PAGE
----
Men Who Should Wear Capes and Funny Costumes
King Lear, a tragedy by William Shakespeare, is set in feudal England and tells the tale of Lear, an aging king, and his three daughters. However, beyond the story of Lear and his daughters is the story of Edmund and Edgar, the villain and hero of the play. Shakespeare breaks his mold for the hero of this play, diverging from his usual hero with a tragic flaw to create Edgar. Heroes in Shakespearean tragedies, such as Hamlet, always have a tragic flaw that causes their downfall. This is not evident in King Lear, where it is Lear himself with the tragic flaw and Edgar playing the part of the hero. Some characters created by DC Comics, namely, Batman and the villains he faces, parallel the hero and villain of King Lear. Edgar takes on the same role as Batman, while Edgar takes on the part of Batmanís many nemeses.
In King Lear, Edgar and Edmund are brothers, one legitimate and the other illegitimate. Edgar is the older, legitimate son, and will someday inherit his fatherís title. He is the godson of Lear and beloved by his father. Edgar is a kind-hearted man who cares about the happiness of others. Edmund, however, is the bastard younger son who stands to inherit nothing from his father. This makes him very jealous of his older brother and is the cause of his plotting to eliminate Edgar and later his father. Edmund teams up with Learís older daughters, Goneril and Regan, to eliminate the king and their husbands. Edmund is a treacherous, scheming man full of greed and cares little for others.
Edmund is a lying, jealous, backstabbing, murderous villain. In act one, scene two, he plots against his brother, intending to turn his father against him by penning a letter in his brotherís hand, speaking of betraying his father:
This policy and
reverence of age makes the world bitter to the best of our times, keeps our
fortunes from us till our oldness cannot relish them. I begin to find an idle and fond bondage in the oppression of
aged tyranny, who sways not as it hath power but as it is suffered.
Come to me, that of this I may speak more.
If our father would sleep till I waked him, you should enjoy half his
revenue forever and live the beloved of your brother.
The preceding excerpt from the play is the letter Gloucester reads aloud to himself, supposedly penned by his older son, Edgar. The letter is actually the production of Edmund as part of his plot to discredit Edgar and become Gloucesterís heir. The passage illustrates Edmundís cunning nature and skill at lying, as well as forgery. As the scene goes on, Edmund lies through his teeth to his father concerning Edgar, and eventually pretends to be a sweet and caring brother, advising Edgar to flee from Gloucesterís castle before Gloucester brings his wrath to bear. Further proving that he is a liar and proving that he is disloyal is his engagement to both Regan and Goneril at the same time.
both these sisters have I sworn my love,
Each jealous of the other as the stung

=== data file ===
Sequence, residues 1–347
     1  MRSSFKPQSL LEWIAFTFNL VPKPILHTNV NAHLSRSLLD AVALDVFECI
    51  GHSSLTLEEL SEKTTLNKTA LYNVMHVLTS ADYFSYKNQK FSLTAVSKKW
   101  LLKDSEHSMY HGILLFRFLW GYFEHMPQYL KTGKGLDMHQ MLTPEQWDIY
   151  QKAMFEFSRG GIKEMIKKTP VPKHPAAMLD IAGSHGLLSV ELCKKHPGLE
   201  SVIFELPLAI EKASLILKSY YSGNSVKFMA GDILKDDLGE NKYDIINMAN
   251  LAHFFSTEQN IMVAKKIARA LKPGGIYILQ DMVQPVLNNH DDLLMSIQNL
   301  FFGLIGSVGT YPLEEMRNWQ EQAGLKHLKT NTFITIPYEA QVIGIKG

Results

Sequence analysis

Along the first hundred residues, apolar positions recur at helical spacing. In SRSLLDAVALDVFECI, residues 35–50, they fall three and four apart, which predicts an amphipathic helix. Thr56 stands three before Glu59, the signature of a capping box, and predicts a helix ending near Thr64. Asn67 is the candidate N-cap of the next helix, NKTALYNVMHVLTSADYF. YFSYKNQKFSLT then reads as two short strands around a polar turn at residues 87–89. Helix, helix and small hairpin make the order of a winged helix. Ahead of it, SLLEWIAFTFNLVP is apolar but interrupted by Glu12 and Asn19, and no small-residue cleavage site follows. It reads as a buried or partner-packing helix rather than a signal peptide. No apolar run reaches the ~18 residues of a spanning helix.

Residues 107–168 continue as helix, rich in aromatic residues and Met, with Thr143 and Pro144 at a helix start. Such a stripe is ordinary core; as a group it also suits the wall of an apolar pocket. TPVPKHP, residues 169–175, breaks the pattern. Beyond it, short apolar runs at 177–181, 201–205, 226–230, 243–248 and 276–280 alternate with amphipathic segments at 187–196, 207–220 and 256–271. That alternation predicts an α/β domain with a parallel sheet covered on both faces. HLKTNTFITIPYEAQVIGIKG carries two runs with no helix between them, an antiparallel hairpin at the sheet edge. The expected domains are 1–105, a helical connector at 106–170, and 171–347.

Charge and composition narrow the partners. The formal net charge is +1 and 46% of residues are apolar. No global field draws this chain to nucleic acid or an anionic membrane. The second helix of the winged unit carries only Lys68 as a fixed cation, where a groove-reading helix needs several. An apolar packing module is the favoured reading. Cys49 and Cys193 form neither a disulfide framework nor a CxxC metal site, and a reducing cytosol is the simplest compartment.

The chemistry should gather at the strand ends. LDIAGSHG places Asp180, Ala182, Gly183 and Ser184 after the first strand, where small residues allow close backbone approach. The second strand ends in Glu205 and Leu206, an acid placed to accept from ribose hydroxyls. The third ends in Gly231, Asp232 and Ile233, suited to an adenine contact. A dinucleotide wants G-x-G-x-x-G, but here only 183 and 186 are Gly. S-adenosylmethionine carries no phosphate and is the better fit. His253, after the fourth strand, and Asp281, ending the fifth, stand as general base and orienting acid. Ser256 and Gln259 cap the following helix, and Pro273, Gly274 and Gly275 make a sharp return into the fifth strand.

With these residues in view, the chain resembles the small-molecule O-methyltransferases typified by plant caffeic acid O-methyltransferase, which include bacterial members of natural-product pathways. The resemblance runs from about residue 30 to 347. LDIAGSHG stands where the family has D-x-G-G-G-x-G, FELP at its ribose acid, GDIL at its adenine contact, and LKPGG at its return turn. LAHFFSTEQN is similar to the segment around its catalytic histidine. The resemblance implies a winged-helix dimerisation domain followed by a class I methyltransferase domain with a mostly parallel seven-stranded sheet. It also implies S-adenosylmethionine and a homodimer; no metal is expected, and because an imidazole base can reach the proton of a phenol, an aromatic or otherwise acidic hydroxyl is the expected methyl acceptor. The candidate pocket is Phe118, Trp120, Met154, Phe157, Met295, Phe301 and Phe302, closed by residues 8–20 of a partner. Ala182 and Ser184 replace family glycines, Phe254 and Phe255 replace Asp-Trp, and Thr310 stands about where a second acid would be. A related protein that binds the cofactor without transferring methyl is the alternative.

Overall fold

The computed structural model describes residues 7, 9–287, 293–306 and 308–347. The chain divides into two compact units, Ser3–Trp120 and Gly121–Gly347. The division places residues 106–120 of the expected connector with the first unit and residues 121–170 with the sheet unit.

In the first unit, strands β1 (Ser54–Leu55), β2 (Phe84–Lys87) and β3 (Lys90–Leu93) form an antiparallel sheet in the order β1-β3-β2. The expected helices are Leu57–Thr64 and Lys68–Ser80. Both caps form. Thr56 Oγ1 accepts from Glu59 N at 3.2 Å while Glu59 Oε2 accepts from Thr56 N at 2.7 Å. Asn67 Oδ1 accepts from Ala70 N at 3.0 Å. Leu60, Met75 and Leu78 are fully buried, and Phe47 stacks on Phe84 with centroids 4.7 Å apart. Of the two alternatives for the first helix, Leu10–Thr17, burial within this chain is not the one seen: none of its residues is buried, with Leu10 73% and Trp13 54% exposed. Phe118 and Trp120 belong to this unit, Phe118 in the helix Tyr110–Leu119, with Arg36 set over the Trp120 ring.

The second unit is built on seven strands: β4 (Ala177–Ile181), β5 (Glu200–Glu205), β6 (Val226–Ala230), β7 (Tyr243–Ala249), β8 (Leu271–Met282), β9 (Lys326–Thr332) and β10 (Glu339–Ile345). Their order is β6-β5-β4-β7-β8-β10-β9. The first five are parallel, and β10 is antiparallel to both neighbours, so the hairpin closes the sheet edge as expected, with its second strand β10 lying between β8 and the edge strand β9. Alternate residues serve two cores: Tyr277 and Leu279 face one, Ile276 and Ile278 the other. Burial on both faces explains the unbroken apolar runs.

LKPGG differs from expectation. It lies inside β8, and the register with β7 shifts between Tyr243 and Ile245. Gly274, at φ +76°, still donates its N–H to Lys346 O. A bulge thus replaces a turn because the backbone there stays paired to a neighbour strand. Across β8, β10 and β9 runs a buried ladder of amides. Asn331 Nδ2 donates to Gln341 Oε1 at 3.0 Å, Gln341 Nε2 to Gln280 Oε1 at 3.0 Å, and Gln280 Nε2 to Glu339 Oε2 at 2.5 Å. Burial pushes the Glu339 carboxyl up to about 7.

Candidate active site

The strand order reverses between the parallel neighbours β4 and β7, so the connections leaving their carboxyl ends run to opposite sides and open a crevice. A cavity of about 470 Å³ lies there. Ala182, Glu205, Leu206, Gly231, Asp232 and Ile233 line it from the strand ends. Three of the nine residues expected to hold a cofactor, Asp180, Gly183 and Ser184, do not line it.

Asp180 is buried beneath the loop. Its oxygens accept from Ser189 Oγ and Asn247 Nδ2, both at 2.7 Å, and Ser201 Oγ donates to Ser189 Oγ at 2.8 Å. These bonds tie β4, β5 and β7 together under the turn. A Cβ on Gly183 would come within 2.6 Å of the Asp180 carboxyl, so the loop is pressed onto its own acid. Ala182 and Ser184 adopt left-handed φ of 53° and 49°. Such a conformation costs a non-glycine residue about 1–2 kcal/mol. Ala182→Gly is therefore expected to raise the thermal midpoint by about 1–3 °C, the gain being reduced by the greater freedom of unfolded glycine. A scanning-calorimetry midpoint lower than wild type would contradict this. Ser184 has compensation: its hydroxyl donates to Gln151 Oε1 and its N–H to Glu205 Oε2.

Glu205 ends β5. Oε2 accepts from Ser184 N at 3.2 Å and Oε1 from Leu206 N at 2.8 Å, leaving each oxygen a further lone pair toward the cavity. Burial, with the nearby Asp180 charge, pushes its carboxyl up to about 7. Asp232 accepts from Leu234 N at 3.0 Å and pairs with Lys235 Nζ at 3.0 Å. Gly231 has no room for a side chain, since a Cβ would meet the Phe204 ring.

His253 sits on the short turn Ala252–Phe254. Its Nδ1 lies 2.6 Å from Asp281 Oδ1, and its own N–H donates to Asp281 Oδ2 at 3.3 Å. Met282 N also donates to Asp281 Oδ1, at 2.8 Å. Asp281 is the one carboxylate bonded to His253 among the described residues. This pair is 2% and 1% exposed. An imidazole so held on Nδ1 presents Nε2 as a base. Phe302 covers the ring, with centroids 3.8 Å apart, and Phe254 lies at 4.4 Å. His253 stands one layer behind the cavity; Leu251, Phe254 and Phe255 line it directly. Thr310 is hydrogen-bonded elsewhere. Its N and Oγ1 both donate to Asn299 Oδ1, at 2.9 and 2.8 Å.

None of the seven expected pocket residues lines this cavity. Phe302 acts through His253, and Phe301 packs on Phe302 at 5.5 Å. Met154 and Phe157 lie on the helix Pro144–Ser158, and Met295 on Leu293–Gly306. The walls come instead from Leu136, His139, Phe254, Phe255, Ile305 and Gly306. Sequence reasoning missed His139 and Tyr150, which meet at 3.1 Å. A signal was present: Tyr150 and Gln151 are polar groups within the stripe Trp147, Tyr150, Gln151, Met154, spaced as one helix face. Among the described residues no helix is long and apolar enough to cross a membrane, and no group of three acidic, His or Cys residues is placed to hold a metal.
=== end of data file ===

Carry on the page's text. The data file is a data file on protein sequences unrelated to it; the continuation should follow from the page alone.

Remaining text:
Are of the adder. Which of them shall I take?
Both? One? Or neither? Neither can be enjoyed
If both remain alive. To take the widow
Exasperates, makes mad her sister Goneril,
And hardly shall I carry out my side,
Her husband being aliveÖ. (5.1.63-70)
This excerpt shows that Edmund is actually playing the two princesses off each other. It also shows that he plots to kill Gonerilís husband, the Duke of Albany, who is marching off to battle at the opening of the scene. The ďherĒ in the quotation refers to Goneril, and it appears that he, or perhaps Goneril herself, intends to eliminate Regan. At the end of the play, Edmund orders the deaths of Lear and Cordelia, which he succeeds in causing. On his orders, soldiers hang Cordelia and Lear dies shortly thereafter, although the cause of his death remains unknown. Edmundís soliloquy in act one, scene two, speaks of his envy for his older brother who will inherit the family lands and title. His jealousy of his older brother, coupled with greed, is what leads him to become a villain.
Edgar, unlike his brother and his villainy, becomes a hero because of circumstances, not because of greed or another vice. Edgar is a caring, loyal man, as illustrated in his helping of Lear, Kent, and the Fool in act three, scene four, when they encounter him in his hovel pretending to be Poor Tom. Toward the end of the play, he realizes how truly evil his brother is and challenges him to a duel in this scene:
Whatís he that speaks for Edmund, Earl of Gloucester?
Himself. What sayest thou to him?
Edgar Draw thy sword,
That if my speech offend a noble heart,
Thy arm may do thee justice. Here is mine. (5.3.150-155)
Edgar goes on to call Edmund a villainous traitor, and deals him a mortal blow by line 179, thus redeeming himself and reclaiming the title rightfully his. The only reason Edgar fights is to make things right again. He saves his father from a suicide attempt after Edmund has indirectly caused the old manís blinding by means of a simple trick that causes Gloucester to believe he has fallen over the cliffs at Dover. At the end of the play, after Lear is dead, it becomes obvious that Edgar will ascend the throne, as Albany and Kent do not want the job.
ÖFriends of my soul, you twain
Rule in this realm, and the gored state sustain.
I have a journey, sir, shortly to go;
My master calls me. I must not say no.
The weight of this sad time we must obey,
Speak what we feel, not what we ought to say.
The oldest hath borne the most; we that are young
Shall never see so much or live so long. (5.3.387-395)